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Inside Forensic Science Podcast: Series 3

This season of Inside Forensic Science delves into our most complicated case yet: The Ardlamont Trial. We examine this historical case with modern-day forensic scientists and ask them, ‘what would you do differently today?’

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Start date

June 2024

Each series of the Inside Forensic Science podcast focuses on a historic criminal case from Scotland and asks experts in forensic science, law and medicine today – what has changed? What might be done differently now and could we have solved it? 

Series 3 delves into the world-famous Ardlamont trial. On the 10th of August 1893 Windsor Dudley Cecil Hambrough died under mysterious circumstances at the Ardlamont Estate in Argyllshire - the full events of which are still unknown to this day. The case and susequent trial caused a media storm including the publication numerous books and articles, making it one of the most infamous murder trials in Victorian Britain. In this series we focus on the evidence presented in court. 

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Episodes

The Inside Forensic Science podcast is available to download via all major podcast providers.

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The podcast was commissioned by the Leverhulme Research Centre for Forensic Science (LRCFS) at the University of Dundee and funded by the Leverhulme Trust. 

Inside Forensic Science is an Adventurous Audio production. The series is written and narrated by Pennie Stuart, the story consultants and series researchers are Heather Doran (Public Engagement Manager, LRCFS) and Clara Morriss (Public Engagement Coordinator, LRCFS). The sound mix was by Steve Bull.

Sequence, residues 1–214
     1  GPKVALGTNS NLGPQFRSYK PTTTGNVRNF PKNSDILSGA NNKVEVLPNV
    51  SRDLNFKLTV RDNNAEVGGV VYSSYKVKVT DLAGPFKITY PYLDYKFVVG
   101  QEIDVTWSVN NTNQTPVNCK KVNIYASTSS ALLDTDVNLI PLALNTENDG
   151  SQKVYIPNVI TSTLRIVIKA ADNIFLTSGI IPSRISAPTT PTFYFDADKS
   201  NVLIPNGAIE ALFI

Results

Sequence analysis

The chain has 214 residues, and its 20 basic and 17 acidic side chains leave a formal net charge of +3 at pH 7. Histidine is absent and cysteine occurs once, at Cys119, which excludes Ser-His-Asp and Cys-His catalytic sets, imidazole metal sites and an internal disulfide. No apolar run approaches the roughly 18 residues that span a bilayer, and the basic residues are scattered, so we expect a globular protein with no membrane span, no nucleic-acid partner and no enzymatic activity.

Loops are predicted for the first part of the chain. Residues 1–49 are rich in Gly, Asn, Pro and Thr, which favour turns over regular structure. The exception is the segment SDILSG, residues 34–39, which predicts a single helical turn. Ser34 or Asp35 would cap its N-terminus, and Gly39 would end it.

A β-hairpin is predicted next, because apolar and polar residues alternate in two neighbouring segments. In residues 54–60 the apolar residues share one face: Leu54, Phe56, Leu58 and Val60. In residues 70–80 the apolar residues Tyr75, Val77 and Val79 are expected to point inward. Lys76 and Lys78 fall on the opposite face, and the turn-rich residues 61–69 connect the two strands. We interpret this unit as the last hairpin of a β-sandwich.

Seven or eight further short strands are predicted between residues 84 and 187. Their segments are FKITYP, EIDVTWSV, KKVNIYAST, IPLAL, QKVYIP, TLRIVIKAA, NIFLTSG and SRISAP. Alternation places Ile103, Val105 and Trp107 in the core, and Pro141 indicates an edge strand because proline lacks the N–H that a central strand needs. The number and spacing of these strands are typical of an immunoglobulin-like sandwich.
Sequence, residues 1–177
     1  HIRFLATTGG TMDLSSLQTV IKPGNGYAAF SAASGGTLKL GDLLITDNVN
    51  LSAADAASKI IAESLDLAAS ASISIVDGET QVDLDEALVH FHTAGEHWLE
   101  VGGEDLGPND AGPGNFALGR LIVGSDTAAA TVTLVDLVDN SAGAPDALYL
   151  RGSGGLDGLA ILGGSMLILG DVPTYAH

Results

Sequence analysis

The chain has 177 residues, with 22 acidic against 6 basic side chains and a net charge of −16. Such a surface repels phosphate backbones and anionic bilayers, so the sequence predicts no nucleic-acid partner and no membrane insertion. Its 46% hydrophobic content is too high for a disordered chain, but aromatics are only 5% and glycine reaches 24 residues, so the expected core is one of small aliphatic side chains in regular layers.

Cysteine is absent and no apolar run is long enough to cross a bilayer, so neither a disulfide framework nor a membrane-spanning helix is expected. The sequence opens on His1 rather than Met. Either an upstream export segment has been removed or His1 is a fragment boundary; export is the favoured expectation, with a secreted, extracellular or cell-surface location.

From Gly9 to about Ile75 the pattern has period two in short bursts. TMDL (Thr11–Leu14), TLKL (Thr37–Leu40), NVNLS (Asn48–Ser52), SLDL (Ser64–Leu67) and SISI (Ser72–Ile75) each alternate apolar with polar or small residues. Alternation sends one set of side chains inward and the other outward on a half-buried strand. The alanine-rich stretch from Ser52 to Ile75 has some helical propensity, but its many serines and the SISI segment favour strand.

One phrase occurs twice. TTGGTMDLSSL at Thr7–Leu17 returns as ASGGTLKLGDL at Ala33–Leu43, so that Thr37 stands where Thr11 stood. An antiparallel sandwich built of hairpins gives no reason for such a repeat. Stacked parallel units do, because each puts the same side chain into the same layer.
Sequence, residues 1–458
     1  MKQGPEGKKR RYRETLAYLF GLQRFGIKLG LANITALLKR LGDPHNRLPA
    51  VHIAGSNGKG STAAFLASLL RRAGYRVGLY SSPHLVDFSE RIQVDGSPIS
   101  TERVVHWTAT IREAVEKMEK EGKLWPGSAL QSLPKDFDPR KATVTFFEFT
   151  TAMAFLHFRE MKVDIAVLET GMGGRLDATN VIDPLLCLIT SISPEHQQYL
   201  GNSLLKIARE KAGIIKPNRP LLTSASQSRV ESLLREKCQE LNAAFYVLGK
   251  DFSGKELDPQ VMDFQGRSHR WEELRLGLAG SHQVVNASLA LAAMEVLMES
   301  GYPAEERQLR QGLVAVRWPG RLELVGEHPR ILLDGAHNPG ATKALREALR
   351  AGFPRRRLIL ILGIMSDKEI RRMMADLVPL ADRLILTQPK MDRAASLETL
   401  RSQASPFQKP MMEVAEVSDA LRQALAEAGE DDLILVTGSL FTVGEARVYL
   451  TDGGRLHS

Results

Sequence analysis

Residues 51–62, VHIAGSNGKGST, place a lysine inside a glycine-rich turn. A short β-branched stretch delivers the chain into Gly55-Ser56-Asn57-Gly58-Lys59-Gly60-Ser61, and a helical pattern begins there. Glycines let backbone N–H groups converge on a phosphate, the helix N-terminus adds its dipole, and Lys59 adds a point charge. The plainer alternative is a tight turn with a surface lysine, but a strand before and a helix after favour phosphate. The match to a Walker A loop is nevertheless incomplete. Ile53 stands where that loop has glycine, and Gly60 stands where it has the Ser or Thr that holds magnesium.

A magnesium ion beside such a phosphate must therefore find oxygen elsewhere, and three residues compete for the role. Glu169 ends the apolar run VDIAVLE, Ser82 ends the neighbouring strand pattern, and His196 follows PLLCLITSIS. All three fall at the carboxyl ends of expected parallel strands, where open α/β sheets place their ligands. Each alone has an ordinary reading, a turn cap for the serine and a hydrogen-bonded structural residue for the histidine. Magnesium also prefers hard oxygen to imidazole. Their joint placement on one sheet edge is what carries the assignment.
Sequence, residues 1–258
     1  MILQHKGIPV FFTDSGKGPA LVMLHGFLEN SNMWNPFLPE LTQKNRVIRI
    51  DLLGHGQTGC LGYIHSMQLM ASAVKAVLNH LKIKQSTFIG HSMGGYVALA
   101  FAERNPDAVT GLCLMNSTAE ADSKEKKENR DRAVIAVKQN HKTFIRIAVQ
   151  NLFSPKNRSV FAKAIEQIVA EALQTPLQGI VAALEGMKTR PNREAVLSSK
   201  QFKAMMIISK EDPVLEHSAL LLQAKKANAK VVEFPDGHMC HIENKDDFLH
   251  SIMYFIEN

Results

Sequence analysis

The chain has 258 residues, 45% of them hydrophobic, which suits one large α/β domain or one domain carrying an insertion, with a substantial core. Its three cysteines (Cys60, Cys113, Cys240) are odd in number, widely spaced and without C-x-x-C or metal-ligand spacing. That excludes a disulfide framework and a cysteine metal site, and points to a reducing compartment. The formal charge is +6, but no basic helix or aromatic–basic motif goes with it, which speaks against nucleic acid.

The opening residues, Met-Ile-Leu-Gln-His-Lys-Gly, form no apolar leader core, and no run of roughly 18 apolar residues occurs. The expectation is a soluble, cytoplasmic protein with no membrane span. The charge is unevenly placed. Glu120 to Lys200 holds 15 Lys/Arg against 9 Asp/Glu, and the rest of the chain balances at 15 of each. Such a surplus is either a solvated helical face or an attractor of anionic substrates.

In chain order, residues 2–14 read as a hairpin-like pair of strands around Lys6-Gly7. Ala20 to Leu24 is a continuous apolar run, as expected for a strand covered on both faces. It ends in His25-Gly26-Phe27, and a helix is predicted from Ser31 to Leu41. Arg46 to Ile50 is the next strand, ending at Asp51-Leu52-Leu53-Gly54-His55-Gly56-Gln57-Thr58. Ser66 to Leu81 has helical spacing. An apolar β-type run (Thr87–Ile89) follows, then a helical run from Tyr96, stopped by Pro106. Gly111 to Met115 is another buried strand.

Experts:

  • Dr Richard Shepherd, Forensic Pathologist
  • Duncan Mackenzie, Deer Stalker
  • Dr Miles Mack, Dingwall Medical Group
  • Rachel Aiken, Scottish Police Authority Forensic Services 
  • Professor Niamh Nic Daeid, Leverhulme Research Centre for Forensic Science, University of Dundee
  • Vincenzo Rinaldi, Leverhulme Research Centre for Forensic Science, University of Dundee
  • Rachel Sharpe, Scottish Police Authority Forensic Services 
  • Ashley Edwards KC
  • Elizabeth Norledge, Police Scotland

Thank you to all of our voice actors: Paul Murray, Alan Richardson, Mark Stephen, Sam Young, Jake Lee, Jana Millar, Pam McIntosh, Neil Wallace, David Stenhouse, Chris Dolan, Joe Reilly, David Stuart, Kenny Smith, Donald Peterkin, Andrew Thomson, Craig Swan, Ian Boffey, Andrew Lever, Dan Holland and Andrew Thomson.

The Ardlamont murder trial - a scene in the High Court of Justiciary, Parliament House, Edinburgh. The prisoner sits towards the front with a policeman on either side.

Sketch of the Ardlamont murder trial in the High Court of Justiciary, Parliament House, Edinburgh by William G. Miller (1893). ©Mary Evans Picture Library.

Episode 1: A Death 

The early morning of Thursday 10 August 1893, a party of three men leave to hunt rabbits on the Ardlamont estate in Tighnabruaich. Only two return. The youngest, Lieutenant Dudley Cecil Hambrough has died from a bullet to the back of his head. The local doctor decrees the death an accident, but is the story really so clear cut? 

In this episode, we question what evidence might have been lost following Hambrough’s death and what steps investigators take today to confirm whether a death was accidental or the result of a crime. 

Additional resources for Episode 1:  

Episode 2: The Scene

The police believe the death of Cecil Hambrough was no accident. His tutor Alfred John Monson is arrested for his murder 20 days after the incident. Scott, the last member of the hunting party has disappeared. Now it is up to the experts to gather what evidence they can from the scene. But after all that time, is there any evidence left to find?

This episode discusses what evidence may have been lost from the Ardlamont scene and what steps we take today to preserve a crime scene.

Additional resources for Episode 2: 

Episode 3: The Postmortem and the Gun

Content warning: this episode contains graphic descriptions of the autopsy process 

Lieutenant Dudley Cecil Hambrough has been shot dead on a hunting trip; his two hunting companions are suspected of murder. With Monson arrested and Scott in the wind, attention turns to the body. What can an autopsy tell us about how someone died? Can the postmortem and knowledge of ballistics tell us whether this death was truly a murder or an accident? 

Enquiries

Leverhulme Research Centre for Forensic Science

LRCFSPublicEngagement@dundee.ac.uk